TOKYO, Dec 10 (Reuters) - Japanese auto stocks have been pummelled this year by a sharp global slide in car demand as consumers either put off buying big-ticket items or face tighter credit due to the financial crisis.
Uncertainty over when the world’s economy, and car demand, will recover has been compounded by an even bigger question mark over the fate of the top three U.S. car makers, although a tentative deal to tide them over until 2009 may have been reached. [ID:nN09294627]
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“This is not a buying time for either Toyota or Honda,” said Mitsushige Akino, chief fund manager at Ichiyoshi Investment Management.
“We’ve no idea how far the yen will advance. Also, if General Motors Corp (GM.N) actually goes into bankruptcy there could be some kind of demands made on Toyota. The whole issue of the Big Three is a big danger for the entire automobile industry.”
Japanese car shares rose on Wednesday on news that the White House and congressional Democrats had agreed in principle on a $15 billion proposal to bail out GM, Ford Motor Co (F.N) and Chrysler LLC. Toyota shares gained 6.6 percent to 2,930 yen, but are still less than half their 2008 high.
“Once there’s some more clarity on what will happen to the (U.S.) Big Three, it could be positive in the medium term for Japanese automakers,” said Goldman Sachs auto analyst Kota Yuzawa, who has a neutral rating on Toyota and Honda.
Yuzawa said that if the Detroit carmakers restructured and slimmed down their operations, that could alleviate overcapacity — seen as the biggest problem at the core of the U.S. auto industry.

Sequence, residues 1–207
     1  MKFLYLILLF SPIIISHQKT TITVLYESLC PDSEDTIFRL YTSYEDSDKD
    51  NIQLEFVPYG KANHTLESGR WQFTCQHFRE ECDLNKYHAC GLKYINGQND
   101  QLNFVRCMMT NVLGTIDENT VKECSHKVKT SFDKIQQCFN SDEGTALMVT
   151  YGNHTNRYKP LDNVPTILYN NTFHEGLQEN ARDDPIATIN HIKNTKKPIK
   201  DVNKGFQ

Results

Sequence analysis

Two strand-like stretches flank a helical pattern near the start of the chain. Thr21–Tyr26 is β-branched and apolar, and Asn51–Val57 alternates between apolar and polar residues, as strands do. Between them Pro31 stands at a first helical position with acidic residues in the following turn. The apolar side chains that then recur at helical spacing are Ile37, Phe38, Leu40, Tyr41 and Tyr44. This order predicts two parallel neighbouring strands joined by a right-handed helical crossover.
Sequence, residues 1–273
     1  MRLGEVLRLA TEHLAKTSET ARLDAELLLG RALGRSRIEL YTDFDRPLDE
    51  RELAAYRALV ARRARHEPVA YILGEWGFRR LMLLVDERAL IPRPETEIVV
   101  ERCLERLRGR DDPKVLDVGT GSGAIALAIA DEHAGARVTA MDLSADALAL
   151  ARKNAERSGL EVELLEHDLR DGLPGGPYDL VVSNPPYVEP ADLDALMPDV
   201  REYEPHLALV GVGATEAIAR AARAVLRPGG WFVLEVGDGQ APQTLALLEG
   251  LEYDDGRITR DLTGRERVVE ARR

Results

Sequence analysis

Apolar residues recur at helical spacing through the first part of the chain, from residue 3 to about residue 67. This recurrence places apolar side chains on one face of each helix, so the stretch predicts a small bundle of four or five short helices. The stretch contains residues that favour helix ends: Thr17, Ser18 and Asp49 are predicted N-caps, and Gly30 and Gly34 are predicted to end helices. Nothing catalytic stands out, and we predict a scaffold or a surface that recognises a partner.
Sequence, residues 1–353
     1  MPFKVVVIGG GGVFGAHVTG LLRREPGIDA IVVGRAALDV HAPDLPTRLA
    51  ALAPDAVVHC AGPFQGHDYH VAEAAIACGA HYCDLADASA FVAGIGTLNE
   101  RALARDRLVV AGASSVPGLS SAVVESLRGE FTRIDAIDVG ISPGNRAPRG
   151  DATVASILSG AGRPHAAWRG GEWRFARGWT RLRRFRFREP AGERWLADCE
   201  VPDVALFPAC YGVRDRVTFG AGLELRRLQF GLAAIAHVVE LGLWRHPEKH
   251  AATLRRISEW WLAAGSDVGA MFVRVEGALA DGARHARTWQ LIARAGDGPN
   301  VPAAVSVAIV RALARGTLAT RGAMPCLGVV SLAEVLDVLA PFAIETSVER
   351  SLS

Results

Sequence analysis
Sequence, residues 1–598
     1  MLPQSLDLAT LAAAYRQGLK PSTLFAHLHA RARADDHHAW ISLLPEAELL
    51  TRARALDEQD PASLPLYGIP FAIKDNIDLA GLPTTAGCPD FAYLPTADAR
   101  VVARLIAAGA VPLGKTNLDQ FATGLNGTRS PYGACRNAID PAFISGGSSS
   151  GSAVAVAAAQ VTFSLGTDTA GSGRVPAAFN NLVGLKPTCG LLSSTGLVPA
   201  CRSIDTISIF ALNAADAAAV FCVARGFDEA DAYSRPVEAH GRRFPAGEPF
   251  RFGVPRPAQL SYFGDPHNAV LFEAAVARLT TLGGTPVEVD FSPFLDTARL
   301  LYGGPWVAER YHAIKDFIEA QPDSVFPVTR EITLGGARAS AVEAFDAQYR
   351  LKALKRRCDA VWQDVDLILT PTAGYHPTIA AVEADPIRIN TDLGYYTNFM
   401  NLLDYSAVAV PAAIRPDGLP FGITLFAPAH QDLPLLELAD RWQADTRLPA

Morgan Stanley auto analyst Noriaki Hirakata disagrees, saying now is a good time to buy Toyota stock.
“The reason we stress our ‘overweight’ rating on Toyota in such an operating climate is that we do not regard the company itself as a mature one,” he wrote in a report this week.
“Looking ahead to when the storm has passed, we think Toyota’s potential for growth is greater than capital markets anticipate ... Toyota’s solid financial position will support moves to enhance medium-term competitiveness.”
Hirakata is one of only two analysts in a Reuters Knowledge poll with an ‘overweight’ or ‘outperform’ rating on Toyota.
He has a price target of 3,800 yen based on a target EV/EBITDA of 5 times his estimates for 2010/11, against 4 times that the brokerage uses for the whole industry.
Goldman’s Yuzawa said another catalyst for a rebound in Toyota and Honda shares could be lower raw material costs coming through next year.
“Negotiations over steel prices will be in April-June, and the effect (of lower prices) would start appearing in July-September,” he said. “It’s impossible to say what sales would look like then, but at least we’ll have lower steel prices and easier comparisons for forex, too, meaning smaller percentage falls, or smaller losses.”
With that scenario in mind, Yuzawa said, investors could return to buy the shares when carmakers announce their 2009/10 profit guidance in late April to early May.
Yuzawa, who has a ‘sell’ rating on Japan’s third-ranked Nissan Motor Co (7201.T), said Toyota and Honda were not a ‘sell’ despite the current gloom because they were unlikely to fall into losses this year and damage their capital base.
“Their book value is under par, so there’s no need for aggressive selling,” he said.
Toyota and Honda both have a price-to-book ratio of under 0.8. (Additional reporting by Elaine Lies; Editing by Lincoln Feast)